Parasitology Research

, Volume 117, Issue 9, pp 2735–2742 | Cite as

Higher vaginal pH in Trichomonas vaginalis infection with intermediate Nugent score in reproductive-age women—a hospital-based cross-sectional study in Odisha, India

  • Padmalaya Das
  • Tapoja Swain
  • Jyoti Ranjan Mohanty
  • Shalini Sinha
  • Bijay Padhi
  • Belen Torondel
  • Oliver Cumming
  • Bijaya Panda
  • Arati Nayak
  • Pinaki PanigrahiEmail author
Original Paper


A close association between Trichomonas vaginalis (TV) infection and bacterial vaginosis (BV) has been reported. Some other studies have found association is stronger with intermediate Nugent score than BV. Most studies have used wet mount microscopy, a relatively insensitive method, to detect TV infection. We wanted to study the association of TV infection with BV and with intermediate Nugent score. We undertook a cross-sectional hospital-based study of 1110 non-pregnant women from Odisha state, India, aged between 18 and 45 years, collecting vaginal swabs for diagnosis of BV by Nugent score (NS) criteria and TV by PCR analysis. TV infection was found in 13.3% of women with intermediate Nugent score (NS 4–6) and 13.6% with BV (NS 7–10). Before adjustment, TV infection was associated with BV, intermediate Nugent, vaginal pH ≥ 4.5, and age group between 26 and 35 years. Multivariate analysis confirmed that TV infection was more likely to have raised vaginal pH, either BV or intermediate Nugent. Proportion of TV cases increased sequentially with the increase in Nugent score up to NS 6, after which a decline was observed. Vaginal pH was higher in the TV-infected group than the uninfected group in women with intermediate Nugent, but no difference was noticed in women with BV. TV infection was equally prevalent in women with intermediate Nugent as well as BV. In the intermediate Nugent group women, TV infection was found only when vaginal pH was raised, indicating a crucial role of vaginal pH in determining TV infection.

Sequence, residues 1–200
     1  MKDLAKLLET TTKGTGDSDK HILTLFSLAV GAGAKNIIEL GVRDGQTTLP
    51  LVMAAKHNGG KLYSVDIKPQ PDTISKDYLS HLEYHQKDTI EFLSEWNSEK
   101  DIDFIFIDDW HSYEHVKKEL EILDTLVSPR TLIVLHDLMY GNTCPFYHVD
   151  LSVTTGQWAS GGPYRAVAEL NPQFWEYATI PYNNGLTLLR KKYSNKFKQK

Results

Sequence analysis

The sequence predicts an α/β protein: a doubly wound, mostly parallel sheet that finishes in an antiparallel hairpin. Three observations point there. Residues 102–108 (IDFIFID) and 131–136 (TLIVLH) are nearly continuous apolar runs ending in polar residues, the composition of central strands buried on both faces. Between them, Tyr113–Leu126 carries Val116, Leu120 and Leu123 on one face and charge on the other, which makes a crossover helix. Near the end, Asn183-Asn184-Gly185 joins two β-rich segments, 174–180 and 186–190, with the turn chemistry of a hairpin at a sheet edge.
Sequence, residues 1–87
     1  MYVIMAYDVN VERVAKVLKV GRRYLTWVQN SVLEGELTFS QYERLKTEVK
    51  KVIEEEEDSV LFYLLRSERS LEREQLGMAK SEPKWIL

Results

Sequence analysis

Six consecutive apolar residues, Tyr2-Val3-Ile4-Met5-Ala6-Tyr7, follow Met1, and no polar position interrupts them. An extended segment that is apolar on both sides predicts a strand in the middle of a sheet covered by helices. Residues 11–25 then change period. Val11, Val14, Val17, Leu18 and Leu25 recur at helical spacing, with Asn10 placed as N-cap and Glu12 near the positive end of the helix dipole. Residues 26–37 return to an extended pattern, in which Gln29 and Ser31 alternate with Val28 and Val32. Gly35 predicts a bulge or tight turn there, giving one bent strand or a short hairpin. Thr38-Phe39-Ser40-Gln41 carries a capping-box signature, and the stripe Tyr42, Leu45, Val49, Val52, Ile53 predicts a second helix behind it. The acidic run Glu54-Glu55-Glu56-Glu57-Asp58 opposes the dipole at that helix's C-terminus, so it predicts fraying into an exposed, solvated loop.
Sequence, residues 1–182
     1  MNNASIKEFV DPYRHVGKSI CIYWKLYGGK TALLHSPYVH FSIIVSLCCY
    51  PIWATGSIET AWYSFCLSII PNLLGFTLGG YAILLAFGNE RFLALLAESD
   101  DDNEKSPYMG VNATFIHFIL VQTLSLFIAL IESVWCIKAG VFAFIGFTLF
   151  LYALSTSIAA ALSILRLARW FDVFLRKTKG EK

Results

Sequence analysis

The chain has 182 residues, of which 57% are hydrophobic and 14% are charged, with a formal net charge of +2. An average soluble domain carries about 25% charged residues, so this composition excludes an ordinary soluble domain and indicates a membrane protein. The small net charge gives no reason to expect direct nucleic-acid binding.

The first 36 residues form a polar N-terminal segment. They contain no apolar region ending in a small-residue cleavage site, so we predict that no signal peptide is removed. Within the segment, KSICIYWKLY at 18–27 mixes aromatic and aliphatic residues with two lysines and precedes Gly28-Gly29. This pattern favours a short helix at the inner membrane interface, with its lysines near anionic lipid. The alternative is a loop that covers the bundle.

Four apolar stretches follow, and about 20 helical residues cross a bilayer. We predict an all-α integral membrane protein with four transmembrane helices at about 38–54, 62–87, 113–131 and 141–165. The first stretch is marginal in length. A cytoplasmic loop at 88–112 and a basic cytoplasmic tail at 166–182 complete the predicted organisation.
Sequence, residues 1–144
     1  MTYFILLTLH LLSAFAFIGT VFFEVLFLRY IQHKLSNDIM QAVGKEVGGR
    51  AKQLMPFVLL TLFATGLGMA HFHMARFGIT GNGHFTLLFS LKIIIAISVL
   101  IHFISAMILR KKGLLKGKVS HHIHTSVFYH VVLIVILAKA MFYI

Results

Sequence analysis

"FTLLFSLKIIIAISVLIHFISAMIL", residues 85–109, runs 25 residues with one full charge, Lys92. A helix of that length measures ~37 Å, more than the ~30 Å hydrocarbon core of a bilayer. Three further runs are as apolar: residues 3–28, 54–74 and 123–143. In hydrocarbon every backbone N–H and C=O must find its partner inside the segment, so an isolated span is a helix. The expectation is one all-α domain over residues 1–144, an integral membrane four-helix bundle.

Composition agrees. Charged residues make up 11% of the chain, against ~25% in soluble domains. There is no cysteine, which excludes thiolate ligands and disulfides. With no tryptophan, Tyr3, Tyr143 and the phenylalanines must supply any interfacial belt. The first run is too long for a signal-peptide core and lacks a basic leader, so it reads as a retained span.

Bacterial vaginosis Non-pregnant woman Nugent score Trichomonas vaginalis Vaginal pH 



We thank Prof Jane Carlton (Center for genomics and system biology, New York University, New York, USA) for providing TV positive isolates. We express our appreciation for the support from study participants, and hospital nurses for assisting in this project.

Authors’ Contribution

PD, BT, PP designed the study and data collection instruments. PD managed and coordinated the study. PD, TS, JRM and SS did the laboratory work. Bijaya Panda (BP) and AN are the gynecologists responsible for recruitment of cases and collection of vaginal samples, PD and Bijay Padhi (BP) conducted data analysis, PD, OC, BT, and PP were involved in conceptualizing the manuscript. All authors had intellectual input during the study period and contributed to drafting the manuscript.


This work was supported by the UK Department for International Development through the Sanitation and Hygiene Applied Research for Equity (SHARE) consortium and intramural support from Asian Institute of Public Health (AIPH), Bhubaneswar, Odisha, India. However, the funding agencies had no involvement in study design, data collection, data analysis, and data interpretation, and the views expressed here do not necessarily reflect those of SHARE or AIPH.

Compliance with ethical standards

Competing interests

The authors declare that they have no competing interests.

Ethical approval

The study was approved by the Institutional Review Board of Asian Institute of Public health (AIPH) (AIPH ethics ref.: ERC/ No: 2014–16) and the Ethical Committee of Department of Health, Government of Odisha (Ethics ref.: 237/SHRMU). Only those who provided written informed consent to participate in the study were included.

Data sharing statement

The data is available from the first author— and corresponding author—


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Copyright information

© Springer-Verlag GmbH Germany, part of Springer Nature 2018

Authors and Affiliations

  • Padmalaya Das
    • 1
  • Tapoja Swain
    • 1
  • Jyoti Ranjan Mohanty
    • 1
  • Shalini Sinha
    • 1
  • Bijay Padhi
    • 1
  • Belen Torondel
    • 2
  • Oliver Cumming
    • 2
  • Bijaya Panda
    • 3
  • Arati Nayak
    • 3
  • Pinaki Panigrahi
    • 4
    Email author
  1. 1.Infection Biology Program, School of Life SciencesAIPH UniversityBhubaneswarIndia
  2. 2.Department of Disease ControlLondon School of Hygiene and Tropical MedicineLondonUK
  3. 3.Department of Obstetrics and GynecologyCapital HospitalBhubaneswarIndia
  4. 4.Departments of Epidemiology and Pediatrics, Center for Global Health and Development, College of Public HealthUniversity of Nebraska Medical CenterOmahaUSA

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